We move on to some full fat cheddars and dive in on some Davidstow Vintage. This is 18 to 2 years old and it fractures as we cut it. This is a classic sign of a full fat cheddar I’m told. It’s very nutty in flavour and has a sweet, long finish. ‘That deep flavour means you don’t need to eat a lot to be satisfied, ‘says Nigel watching me eat a lot. ‘That’s good as it’s got a lot of fat, being a full fat cheese. You don’t need a lot in a recipe either to get the flavour out, it would be great in a cauliflower cheese. It costs more than the others, but most good things do!’

The Keens that we try next is a traditional raw milk cheddar with a lovely aroma and firm textured with quite a bit of acid. This makes it pleasantly astringent and it has complex flavours which last and change in the mouth. ‘West Country Farmhouses are strictly controlled,’ Nigel explains, ‘they must use mostly the farm’s own milk and must be made by the traditional cheese method and then matured for at least 9 months. As they mature they get better, a 25kg truckle of fresh cheddar is cloth bound and sealed with lard or butter then air dried. The wrappings are all stripped off before sale leaving a nice clean rind.’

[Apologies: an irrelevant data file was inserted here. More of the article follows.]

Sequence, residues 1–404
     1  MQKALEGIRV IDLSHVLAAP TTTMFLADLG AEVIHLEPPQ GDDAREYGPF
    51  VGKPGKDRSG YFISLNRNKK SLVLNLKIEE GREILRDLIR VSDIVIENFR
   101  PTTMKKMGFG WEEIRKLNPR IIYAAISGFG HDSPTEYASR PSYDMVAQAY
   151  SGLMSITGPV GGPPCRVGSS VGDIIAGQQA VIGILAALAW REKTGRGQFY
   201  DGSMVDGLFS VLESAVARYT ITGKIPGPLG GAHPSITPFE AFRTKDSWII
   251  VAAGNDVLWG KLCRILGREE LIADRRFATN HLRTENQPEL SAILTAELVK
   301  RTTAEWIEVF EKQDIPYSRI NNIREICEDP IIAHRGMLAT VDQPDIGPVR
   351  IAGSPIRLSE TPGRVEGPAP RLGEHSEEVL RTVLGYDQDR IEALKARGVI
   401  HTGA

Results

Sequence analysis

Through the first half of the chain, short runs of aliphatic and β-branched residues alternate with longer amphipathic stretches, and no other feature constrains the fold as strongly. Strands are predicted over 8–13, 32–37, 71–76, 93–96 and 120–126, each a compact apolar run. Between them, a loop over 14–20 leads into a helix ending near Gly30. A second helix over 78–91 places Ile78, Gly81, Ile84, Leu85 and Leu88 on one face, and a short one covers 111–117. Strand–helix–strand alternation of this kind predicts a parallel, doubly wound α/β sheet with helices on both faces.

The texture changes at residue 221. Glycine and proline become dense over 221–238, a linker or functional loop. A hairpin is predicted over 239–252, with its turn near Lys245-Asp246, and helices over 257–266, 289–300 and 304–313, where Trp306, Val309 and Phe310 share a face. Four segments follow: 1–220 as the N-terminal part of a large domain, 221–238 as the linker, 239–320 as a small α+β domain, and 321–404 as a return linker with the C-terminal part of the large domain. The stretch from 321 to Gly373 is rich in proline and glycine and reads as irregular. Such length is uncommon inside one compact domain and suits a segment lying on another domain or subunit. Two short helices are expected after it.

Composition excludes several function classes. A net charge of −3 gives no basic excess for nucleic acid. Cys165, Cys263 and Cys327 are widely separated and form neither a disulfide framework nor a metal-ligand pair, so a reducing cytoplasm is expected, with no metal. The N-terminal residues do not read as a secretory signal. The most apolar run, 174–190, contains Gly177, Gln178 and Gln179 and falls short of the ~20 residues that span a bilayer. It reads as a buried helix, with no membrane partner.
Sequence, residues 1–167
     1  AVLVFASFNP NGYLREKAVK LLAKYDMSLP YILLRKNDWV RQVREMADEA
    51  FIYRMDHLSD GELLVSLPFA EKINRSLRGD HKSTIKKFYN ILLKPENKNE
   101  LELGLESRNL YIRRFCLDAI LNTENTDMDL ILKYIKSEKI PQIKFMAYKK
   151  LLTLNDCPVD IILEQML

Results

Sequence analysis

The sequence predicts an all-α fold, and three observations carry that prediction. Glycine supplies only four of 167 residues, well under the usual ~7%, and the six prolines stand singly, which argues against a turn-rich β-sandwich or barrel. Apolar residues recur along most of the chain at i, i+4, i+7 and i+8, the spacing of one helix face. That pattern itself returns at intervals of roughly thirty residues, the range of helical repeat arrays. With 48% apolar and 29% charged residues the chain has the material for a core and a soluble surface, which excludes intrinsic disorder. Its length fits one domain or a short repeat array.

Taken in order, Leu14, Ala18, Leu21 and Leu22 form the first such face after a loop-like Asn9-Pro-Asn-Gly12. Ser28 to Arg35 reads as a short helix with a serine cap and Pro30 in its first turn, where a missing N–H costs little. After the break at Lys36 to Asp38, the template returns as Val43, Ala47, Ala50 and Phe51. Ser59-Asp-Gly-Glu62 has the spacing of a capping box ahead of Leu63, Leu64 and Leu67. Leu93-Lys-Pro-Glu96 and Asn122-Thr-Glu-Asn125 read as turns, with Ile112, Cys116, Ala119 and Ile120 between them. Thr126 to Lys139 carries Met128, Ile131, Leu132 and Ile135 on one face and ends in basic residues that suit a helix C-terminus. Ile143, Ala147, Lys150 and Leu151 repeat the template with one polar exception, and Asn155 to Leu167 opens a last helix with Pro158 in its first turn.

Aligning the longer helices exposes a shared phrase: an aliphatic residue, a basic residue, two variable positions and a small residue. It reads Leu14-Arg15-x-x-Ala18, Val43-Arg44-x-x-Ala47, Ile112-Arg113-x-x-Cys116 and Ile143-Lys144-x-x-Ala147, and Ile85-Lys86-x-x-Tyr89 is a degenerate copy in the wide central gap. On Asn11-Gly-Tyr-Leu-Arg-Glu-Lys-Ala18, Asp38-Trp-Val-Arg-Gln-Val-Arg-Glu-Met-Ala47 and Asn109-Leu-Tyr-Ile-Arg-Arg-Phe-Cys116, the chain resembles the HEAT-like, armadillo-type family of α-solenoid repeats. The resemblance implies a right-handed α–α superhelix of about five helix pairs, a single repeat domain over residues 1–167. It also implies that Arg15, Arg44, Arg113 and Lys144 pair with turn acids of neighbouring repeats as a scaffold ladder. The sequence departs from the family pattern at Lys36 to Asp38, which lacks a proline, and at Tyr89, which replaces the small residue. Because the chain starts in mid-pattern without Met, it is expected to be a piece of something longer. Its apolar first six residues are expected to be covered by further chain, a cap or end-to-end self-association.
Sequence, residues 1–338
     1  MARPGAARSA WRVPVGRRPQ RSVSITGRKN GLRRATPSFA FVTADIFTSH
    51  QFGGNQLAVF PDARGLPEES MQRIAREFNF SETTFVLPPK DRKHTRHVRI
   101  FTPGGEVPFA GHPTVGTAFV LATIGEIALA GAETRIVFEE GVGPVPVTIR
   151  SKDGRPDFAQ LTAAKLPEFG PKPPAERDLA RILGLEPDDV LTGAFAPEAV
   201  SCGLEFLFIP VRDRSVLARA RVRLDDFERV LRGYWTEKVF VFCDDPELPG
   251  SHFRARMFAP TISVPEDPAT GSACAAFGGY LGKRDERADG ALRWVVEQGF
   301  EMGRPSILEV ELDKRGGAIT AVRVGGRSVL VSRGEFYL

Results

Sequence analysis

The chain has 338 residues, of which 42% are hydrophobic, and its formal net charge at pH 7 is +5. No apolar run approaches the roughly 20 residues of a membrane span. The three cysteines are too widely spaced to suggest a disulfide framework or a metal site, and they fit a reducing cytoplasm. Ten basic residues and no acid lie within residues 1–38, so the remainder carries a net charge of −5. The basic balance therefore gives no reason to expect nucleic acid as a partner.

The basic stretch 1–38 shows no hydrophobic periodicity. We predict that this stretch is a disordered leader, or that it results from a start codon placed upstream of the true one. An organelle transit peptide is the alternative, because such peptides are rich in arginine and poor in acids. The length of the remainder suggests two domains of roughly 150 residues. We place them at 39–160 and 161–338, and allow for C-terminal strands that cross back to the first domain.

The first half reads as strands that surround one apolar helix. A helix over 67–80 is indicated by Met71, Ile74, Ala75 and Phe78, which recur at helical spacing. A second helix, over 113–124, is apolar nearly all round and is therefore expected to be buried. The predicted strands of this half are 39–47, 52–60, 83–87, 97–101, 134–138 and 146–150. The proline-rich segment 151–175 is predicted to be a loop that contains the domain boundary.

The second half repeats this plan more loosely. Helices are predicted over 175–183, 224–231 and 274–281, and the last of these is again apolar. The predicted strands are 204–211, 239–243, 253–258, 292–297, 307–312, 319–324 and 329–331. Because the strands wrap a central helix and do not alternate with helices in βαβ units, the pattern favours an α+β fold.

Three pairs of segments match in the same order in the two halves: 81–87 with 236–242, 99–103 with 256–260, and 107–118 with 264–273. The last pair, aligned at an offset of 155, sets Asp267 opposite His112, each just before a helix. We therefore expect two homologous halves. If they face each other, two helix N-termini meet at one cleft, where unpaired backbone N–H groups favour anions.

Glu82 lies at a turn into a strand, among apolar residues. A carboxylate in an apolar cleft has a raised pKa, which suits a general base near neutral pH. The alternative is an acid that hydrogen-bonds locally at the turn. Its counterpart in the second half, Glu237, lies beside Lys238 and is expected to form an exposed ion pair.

‘You can get all these cheddars in pretty much every supermarket,’ Nigel reassures me rattling off a list of High Street names. ‘The supermarkets know there’s a good market for the low and reduced fat in particular and you’ll find they are all clearly labeled.’

Just as little treat we move to some special British cheeses. First a Lubborn Somerset Brie. I had always assumed Camemberts and Bries had more fat but I was wrong. ‘They in fact have less fat than cheddar, although people do assume the opposite,’ agrees Nigel. ‘The soft cheeses have kept more of the water in them from the milk so they have less fat and the water makes them soft. But of course the downside is that they don’t keep as long as cheddar. But they do need to ripen,’ he insists, waving his knife at me admonishingly. ‘The Bries and Camembert will have a chalky centre when you buy them, which will go with a few days if you leave them out maturing when you get them home. And you really should.’